Artificial intelligence (AI) is changing the world around us. From automated factories that build everything without human intervention, to computer systems capable of beating world masters at some of the most complex games, AI is powering our society into the future – but what happens when this artificial intelligence becomes greater than ours? Should we fear automated weapon turning on us, or Hollywood-style "skull-stomping robots"? We spoke to Max Tegmark, an MIT professor and co-founder of the Future of Life Institute, about his book, Life 3.0, in which he answers some of the key questions we need to solve to make the future of artificial intelligence one that benefits all of humankind. Can you describe your book in a nutshell?
"One important aspect is the need to have good training data to work from," she says. "For a celebrity, this is fairly easy, given a variety of film and TV appearances, interviews etc. … In the video game Deus Ex Invisible War, there is a character, NG Resonance, that the player can interact with at various kiosks in nightclubs, etc. This character is powered by AI but is based upon a real human starlet … We are likely to see similar interactions with pseudo-real AI-powered characters, virtual versions of historical heroes and villains that can populate themed venues (e.g., Hard Rock Café, or an Americana-themed diner, perhaps)."
What will happen as we enter the era of human augmentation, artificial intelligence and government-by-algorithm? James Barrat, author of Our Final Invention, said: "Coexisting safely and ethically with intelligent machines is the central challenge of the twenty-first century." A lot of folks are earnestly exploring the topic. "Will scientists soon be able to create supercomputers that can read a newspaper with understanding, or write a news story, or create novels, or even formulate laws?" asks J. Storrs Hall in Beyond AI: Creating the Conscience of the Machine (2007). "And if machine intelligence advances beyond human intelligence, will we need to start talking about a computer's intentions?" Sharing this concern, SpaceX/Tesla entrepreneur Elon Musk has joined with Y Combinator founder Sam Altman to establish OpenAI, an endeavor that aims to keep artificial intelligence research -- and its products -- accountable by maximizing transparency and openness. Among the most-worried is Swiss author Gerd Leonhard, whose new book Technology Vs. Humanity: The Coming Clash Between Man and Machine, coins an interesting term, "androrithm," to contrast with the algorithms that are implemented in every digital calculating engine or computer. Some foresee algorithms ruling the world with the inexorable automaticity of reflex, and Leonhard asks: "Will we live in a world where data and algorithms triumph over androrithms…i.e., all that stuff that makes us human?"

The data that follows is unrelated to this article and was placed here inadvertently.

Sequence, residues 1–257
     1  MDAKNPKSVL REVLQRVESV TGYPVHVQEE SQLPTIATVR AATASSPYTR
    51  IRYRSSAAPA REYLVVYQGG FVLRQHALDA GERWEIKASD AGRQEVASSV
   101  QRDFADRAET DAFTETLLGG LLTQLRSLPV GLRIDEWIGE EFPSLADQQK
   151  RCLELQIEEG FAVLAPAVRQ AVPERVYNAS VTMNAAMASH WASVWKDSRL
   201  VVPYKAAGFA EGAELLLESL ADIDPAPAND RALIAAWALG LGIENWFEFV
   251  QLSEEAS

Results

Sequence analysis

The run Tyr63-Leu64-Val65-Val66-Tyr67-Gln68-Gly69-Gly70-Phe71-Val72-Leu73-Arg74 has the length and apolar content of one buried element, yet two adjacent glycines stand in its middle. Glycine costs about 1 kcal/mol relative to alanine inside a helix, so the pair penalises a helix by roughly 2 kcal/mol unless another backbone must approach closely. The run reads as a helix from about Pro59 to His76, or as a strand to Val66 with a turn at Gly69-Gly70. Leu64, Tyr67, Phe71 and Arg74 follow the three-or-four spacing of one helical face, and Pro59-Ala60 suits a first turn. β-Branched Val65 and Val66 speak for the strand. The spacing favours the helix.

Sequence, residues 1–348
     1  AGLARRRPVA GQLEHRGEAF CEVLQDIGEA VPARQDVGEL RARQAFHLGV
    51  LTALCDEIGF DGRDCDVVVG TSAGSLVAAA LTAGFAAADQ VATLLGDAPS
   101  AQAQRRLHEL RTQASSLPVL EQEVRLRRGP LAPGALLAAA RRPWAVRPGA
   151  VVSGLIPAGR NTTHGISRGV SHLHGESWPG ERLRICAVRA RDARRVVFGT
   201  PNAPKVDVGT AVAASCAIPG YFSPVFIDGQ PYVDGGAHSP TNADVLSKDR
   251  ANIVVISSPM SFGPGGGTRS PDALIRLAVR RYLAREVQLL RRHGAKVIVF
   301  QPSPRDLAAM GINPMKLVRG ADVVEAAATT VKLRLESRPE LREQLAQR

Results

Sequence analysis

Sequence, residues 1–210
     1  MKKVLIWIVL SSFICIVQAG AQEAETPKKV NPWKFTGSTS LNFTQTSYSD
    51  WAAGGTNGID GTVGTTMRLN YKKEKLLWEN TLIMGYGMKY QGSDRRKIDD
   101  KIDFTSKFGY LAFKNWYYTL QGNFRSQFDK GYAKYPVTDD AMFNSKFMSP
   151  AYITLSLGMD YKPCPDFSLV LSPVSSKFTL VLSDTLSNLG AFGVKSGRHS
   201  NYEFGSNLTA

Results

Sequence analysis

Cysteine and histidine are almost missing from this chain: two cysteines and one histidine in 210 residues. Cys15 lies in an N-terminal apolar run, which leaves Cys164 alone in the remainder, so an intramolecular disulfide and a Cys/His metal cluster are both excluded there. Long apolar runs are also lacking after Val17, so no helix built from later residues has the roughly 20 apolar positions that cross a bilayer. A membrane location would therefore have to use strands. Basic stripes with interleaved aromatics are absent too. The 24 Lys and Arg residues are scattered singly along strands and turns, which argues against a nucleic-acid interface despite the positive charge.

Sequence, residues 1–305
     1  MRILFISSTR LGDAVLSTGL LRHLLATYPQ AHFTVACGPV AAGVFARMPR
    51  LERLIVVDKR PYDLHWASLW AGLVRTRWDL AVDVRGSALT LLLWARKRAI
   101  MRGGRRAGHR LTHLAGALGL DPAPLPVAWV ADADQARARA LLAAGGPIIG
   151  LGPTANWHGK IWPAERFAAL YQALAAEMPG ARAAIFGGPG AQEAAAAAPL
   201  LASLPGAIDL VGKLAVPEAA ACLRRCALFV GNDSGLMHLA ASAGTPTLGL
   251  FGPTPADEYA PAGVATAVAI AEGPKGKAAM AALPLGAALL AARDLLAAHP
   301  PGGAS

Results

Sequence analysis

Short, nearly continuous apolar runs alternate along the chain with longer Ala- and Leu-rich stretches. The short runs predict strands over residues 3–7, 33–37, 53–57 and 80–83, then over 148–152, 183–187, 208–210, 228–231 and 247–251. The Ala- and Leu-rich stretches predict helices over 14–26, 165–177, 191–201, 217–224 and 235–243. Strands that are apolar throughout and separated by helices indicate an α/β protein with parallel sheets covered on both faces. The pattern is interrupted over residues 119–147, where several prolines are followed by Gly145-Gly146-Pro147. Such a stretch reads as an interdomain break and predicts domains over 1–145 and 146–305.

Trust is frustratingly scattershot, seemingly conflating two separate issues: that of AI that surpasses us and has about as much concern for us as we have for the ants we thoughtlessly trod on; and the unimaginably vast amounts of data about everything we collect everyday, the abuse of which, such as by Cambridge Analytica, can literally change the course of entire nations (see: the electoral triumphs of Trump and Brexit). There are connections -- AI learns by ingesting raw data, and will learn how to manipulate us even better than humans holding that data can -- but that never quite gels here. Perhaps the film's very brief running time -- under 80 minutes -- wasn't the best choice: these are matters that could keep a documentary TV series busy for many weeks. In the reminder that many scientific advances -- such as, say, nuclear fission -- once deemed to be impossible or off in the distant future have come to pass very soon after such predictions are made. In the warning that we very quickly get used to and utterly blasé about technology that initially seems horrifying.